The two meetings in question between Jeff Sessions and Kislyak occurred in the presence of U.S. officials: one was a handshake and brief exchange after a speech given in July during the Republican National Convention; the other was a meeting in Sessions’s office with two U.S. senior staff members present.
An investigation into Ambassador Kislyak’s meetings on Capitol Hill yielded a finding that is raising questions: the Russian official met 22 times with the Obama administration.
The visitor logs, which Obama made public in 2009 in a push for transparency, show that the long-time Russian ambassador to the United States visited the White House at least 22 times between 2009 and 2016.
Kislyak appeared in the logs as recently as September 2016 when he had a meeting scheduled with one of Obama’s senior advisers, John Holdren, in the Eisenhower Executive Office Building. The other visitors listed at the meeting are Marina W. Gross, Alexander Ermolaev, Alexey Lopatin, Vyacheslav Balakirev and Sergey Sarazhinskiy. Though the appointment was scheduled to begin at 12:00 pm, it does not include an end time.
As Senator Joe Manchin (D-WV) pointed out on CNN, it is considered normal business for U.S. officials to meet with ambassadors, including the president and sitting senators.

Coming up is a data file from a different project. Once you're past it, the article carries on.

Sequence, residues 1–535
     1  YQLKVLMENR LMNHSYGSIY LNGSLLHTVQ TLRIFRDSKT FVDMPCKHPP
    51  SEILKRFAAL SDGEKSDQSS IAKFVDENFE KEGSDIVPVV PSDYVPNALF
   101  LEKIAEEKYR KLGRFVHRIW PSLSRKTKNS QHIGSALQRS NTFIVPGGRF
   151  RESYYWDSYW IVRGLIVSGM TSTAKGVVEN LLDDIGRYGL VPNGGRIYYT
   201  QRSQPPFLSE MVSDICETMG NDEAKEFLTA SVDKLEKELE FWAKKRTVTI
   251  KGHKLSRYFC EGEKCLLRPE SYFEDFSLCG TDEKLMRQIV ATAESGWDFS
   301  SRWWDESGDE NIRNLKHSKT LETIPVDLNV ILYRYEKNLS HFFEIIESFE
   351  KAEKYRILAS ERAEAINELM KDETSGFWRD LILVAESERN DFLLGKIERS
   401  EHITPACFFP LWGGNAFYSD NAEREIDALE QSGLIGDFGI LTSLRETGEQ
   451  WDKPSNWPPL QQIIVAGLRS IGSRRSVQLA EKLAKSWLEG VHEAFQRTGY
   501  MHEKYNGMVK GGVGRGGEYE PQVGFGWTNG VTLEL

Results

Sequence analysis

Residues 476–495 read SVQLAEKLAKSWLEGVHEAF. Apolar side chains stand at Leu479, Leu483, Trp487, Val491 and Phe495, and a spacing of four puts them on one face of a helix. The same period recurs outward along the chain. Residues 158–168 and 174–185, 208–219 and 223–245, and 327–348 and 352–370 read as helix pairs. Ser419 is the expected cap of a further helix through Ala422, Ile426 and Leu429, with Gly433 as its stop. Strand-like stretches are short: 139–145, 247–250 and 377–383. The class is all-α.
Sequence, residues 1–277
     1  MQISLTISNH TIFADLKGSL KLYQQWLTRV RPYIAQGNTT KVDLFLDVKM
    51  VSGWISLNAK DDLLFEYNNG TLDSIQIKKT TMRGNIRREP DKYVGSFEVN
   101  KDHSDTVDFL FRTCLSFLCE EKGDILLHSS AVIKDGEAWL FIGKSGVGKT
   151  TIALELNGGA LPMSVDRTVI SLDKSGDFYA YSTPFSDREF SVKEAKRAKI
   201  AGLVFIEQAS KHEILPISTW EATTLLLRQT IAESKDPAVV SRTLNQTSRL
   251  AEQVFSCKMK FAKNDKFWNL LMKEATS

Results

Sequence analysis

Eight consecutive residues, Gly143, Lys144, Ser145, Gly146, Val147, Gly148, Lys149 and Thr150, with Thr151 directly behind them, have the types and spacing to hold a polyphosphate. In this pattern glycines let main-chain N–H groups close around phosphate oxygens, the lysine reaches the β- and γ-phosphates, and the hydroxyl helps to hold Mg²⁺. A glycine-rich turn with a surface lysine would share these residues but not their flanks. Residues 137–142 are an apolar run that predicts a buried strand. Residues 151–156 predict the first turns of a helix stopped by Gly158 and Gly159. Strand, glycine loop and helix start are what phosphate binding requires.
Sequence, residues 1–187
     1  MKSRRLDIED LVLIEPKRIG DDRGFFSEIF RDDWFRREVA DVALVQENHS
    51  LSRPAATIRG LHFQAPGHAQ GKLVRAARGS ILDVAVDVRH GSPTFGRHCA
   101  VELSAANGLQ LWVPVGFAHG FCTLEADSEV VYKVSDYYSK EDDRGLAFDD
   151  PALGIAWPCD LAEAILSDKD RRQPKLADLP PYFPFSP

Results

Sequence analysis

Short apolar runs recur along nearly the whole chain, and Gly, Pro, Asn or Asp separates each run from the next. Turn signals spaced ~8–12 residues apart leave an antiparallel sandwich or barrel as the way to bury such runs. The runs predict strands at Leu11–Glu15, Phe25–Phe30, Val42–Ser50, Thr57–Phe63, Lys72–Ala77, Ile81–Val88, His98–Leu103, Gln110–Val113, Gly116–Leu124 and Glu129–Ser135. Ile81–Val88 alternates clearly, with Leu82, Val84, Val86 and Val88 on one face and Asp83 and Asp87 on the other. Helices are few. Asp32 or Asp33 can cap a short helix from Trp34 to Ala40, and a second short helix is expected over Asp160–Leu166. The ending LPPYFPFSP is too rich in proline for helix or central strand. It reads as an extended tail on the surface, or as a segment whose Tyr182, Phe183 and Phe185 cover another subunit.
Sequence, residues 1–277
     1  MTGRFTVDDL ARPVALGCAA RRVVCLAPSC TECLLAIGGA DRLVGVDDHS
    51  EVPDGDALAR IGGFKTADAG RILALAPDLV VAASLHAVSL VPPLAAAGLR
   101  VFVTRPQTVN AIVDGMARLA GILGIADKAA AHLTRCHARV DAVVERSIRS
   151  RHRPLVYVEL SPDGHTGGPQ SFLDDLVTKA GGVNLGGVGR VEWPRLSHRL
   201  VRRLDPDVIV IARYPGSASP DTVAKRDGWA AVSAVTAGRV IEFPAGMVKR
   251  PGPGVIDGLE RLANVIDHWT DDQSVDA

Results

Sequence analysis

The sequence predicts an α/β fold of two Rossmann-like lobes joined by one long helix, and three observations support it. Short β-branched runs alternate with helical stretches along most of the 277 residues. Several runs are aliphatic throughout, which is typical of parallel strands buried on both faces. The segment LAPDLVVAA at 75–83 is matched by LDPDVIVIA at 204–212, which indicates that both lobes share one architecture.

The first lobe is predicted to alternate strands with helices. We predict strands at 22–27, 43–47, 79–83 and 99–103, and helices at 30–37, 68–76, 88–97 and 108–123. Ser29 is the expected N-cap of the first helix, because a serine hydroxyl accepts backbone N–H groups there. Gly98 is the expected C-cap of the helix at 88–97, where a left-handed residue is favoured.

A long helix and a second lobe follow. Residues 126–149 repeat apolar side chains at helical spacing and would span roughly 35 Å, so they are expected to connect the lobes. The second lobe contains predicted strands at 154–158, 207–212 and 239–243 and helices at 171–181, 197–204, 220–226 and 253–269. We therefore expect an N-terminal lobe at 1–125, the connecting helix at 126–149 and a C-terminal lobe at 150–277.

“Yes, that happens,” Manchin said. “We meet with all the ambassadors or try to anyway to build relationships. It’s not unusual.”
While accusations fly about Sessions’s testimony to Sen. Franken (D-MN), it is important to note the context of the exchange: Russian intelligence contacting Trump surrogates about the campaign. The full transcript also shows that Sessions said he would not be able to “comment at that time” in response to the question, which Franken said was “totally fair.”
Attorney General Sessions would not be alone as a high-ranking public official to have questions raised about his affairs with the Russian government.
President Obama once famously told former Russian president Dmitry Medvedev he’d have more “flexibility” following his “last election.”
He also dismissed former Republican presidential candidate Mitt Romney’s concerns about Russia being America’s main adversary during a presidential debate. “The 1980s are calling and asking for their foreign policy back,” Obama remarked.
Hillary Clinton, for her part, presided over the failed Russian “reset,” which was an attempt at détente with Putin’s Russia under her State Department leadership. Her presidential campaign manager, John Podesta, has a number of questionable ties and financial transactions with Russians.
If Democrats are going to preside over what President Trump characterized as a “witch hunt,” seeking out Russian ties in every Republican official’s closet, it is best that the party also takes a hard look at their own.